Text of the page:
And this, is exactly the problem with the whole cloud technology: my Time Warner connection is down. I’m posting this with 3G from an iPhone.
The idea of having all my stuff on a cloud that I may or may not be able to connect to – that is a crazy thing.
Here I am with my fast connection down, but I can still work on all the images and documents that are stored on my mac. And they are backed up onto hard drives as well, and some even on DVDs.
Now, if you want to talk about the use of the techno-cloud for non-mission critical purposes, such as – duh – backup. That’s another story. Make sure that you have an excellent up- and down- speed to the cloud because if you do have to do a total restore, uhm – figure out how long that will take.
Also, the idea that your applications are on the cloud as well: this is still lunacy, in my not so humble point-of-view. Lunacy. Unless you are using applications that you don’t really need. Then you may as well store them anywhere, like on your own computer.
Do you think that the cloud is some magical place (it sounds like it) beyond the laws of physics, that is to say beyond the laws of drives and networks? Do you think that the cloud is somewhere over the rainbow?
I’m afraid that it is subject to the same laws, especially those of complex systems that often go out of control.
I will give you another example. I am not perfect in my predictions. A few years ago, I signed up for AWS (the Amazon Web Service). Now after loading a few things that amounted to a bill of about 50 cents a month, and seeing how long it took to upload, and then forgetting that I had those things up there on the cloud, I forgot about them and every once in a while noticed the 50 cent charge on my credit card, until my credit card happened to expire.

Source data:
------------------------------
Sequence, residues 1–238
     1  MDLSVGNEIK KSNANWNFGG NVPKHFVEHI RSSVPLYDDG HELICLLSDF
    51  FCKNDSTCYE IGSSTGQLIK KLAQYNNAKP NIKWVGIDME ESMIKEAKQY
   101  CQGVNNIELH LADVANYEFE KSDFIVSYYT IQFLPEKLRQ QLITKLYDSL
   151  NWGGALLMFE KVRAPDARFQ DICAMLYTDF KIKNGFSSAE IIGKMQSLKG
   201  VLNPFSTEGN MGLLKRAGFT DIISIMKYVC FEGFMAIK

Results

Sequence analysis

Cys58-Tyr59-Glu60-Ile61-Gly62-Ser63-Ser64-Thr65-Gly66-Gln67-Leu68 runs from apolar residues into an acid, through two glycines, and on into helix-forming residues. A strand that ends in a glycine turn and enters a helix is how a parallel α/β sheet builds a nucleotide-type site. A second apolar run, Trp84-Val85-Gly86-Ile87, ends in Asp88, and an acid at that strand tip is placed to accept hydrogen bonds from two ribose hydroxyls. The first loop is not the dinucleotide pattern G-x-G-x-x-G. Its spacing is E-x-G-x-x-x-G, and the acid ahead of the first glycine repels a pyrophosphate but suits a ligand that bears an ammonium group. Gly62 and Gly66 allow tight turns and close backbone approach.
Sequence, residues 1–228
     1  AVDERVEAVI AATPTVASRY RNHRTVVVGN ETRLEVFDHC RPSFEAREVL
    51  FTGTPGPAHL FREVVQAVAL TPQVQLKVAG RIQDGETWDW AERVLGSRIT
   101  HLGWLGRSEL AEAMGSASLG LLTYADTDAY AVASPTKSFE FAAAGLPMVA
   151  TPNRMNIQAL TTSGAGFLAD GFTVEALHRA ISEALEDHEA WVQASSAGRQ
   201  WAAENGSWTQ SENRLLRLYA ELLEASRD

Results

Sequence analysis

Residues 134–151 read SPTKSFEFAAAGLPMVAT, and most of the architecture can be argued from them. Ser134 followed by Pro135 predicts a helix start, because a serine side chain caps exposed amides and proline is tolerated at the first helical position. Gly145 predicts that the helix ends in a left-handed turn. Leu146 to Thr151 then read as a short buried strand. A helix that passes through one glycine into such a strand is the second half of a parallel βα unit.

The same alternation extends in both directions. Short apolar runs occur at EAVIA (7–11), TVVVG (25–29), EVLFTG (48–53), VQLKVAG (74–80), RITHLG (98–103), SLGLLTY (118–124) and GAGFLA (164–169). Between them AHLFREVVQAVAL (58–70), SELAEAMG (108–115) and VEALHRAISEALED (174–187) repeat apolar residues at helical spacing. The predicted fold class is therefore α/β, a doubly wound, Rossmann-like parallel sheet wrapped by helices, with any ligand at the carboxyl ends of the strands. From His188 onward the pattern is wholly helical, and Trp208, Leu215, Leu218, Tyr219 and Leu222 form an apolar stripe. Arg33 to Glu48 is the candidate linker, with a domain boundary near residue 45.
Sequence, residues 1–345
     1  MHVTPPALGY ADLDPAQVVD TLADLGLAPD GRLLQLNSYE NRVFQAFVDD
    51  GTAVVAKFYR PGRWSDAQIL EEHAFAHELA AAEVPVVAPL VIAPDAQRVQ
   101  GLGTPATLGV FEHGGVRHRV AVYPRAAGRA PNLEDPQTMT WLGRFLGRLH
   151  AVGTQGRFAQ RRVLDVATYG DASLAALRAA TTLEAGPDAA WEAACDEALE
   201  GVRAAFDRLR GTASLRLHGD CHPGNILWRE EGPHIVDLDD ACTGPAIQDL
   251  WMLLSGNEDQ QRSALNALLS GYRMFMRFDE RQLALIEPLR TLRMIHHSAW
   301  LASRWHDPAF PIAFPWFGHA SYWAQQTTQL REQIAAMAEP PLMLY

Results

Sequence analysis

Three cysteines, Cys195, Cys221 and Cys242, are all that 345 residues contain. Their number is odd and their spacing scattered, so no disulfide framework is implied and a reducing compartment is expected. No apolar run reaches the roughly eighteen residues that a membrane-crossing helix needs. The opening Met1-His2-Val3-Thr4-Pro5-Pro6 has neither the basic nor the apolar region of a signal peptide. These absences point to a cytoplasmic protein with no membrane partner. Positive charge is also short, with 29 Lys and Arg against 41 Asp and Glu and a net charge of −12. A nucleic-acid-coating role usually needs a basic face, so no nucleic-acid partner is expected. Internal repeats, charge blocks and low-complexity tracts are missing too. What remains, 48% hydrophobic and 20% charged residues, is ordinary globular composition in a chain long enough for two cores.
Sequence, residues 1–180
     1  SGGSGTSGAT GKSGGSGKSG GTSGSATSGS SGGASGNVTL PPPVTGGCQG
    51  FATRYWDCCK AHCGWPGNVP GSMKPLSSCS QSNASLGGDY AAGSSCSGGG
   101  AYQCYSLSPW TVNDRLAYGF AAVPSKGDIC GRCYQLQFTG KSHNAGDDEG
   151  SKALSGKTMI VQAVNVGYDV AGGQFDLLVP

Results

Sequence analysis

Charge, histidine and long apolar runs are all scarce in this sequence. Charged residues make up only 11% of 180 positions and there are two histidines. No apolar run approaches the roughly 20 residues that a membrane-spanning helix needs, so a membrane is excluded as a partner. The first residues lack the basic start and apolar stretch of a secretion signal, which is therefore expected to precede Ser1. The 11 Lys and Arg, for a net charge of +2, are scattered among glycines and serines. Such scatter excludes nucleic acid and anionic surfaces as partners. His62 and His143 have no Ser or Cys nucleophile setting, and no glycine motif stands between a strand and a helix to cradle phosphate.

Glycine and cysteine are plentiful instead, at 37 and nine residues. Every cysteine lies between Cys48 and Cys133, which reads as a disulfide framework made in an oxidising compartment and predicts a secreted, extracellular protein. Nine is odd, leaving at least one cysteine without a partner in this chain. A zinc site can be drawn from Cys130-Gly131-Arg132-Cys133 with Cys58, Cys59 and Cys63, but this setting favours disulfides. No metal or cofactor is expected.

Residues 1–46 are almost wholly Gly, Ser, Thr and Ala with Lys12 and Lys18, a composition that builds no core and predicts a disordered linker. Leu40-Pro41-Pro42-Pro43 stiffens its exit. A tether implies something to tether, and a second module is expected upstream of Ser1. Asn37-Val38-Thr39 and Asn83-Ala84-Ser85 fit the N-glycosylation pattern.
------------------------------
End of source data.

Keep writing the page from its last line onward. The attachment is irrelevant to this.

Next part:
I wrote to AWS a few times asking to have my account canceled but never received an answer and then began to get emails saying that my account was in danger of being closed because my credit card had expired.
Good, I said. Close it. I wrote back, telling them to close it. But now I am on the automated cloud finance app, and it is sending me emails every second day telling me that my account is past due and unless I pay them the fifty cents they will be forced to close my account.
Of course, they also never do close the account, or even cancel. it. And I don’t want to give them a new credit card because somewhere, deep down, I’m curious to see what happens. Also, if I give them my credit card, who knows what the crazy cloud machine will do.
On top of that – what cloud is smart enough to look at the balance of fifty cents and figure out that it is may reach a point where it simply is not worth sending emails to this deadbeat and actually close the account? Not a cloud in the sky knows how to deal with this, and I suppose that also gives me some perverse pleasure.